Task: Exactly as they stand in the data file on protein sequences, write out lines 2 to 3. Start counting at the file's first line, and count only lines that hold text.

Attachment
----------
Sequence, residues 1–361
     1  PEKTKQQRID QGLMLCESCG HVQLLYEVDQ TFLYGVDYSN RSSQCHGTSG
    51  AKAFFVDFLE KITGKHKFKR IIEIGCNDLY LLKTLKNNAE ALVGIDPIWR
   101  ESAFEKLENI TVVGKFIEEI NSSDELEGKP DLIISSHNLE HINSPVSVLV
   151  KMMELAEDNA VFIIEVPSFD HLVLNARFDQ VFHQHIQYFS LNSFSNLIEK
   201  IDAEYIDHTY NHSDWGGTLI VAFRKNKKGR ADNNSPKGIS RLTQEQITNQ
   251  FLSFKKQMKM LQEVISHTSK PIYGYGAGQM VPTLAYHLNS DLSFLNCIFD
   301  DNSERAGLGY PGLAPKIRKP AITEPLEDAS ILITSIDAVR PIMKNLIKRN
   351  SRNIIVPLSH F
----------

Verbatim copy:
     1  PEKTKQQRID QGLMLCESCG HVQLLYEVDQ TFLYGVDYSN RSSQCHGTSG
    51  AKAFFVDFLE KITGKHKFKR IIEIGCNDLY LLKTLKNNAE ALVGIDPIWR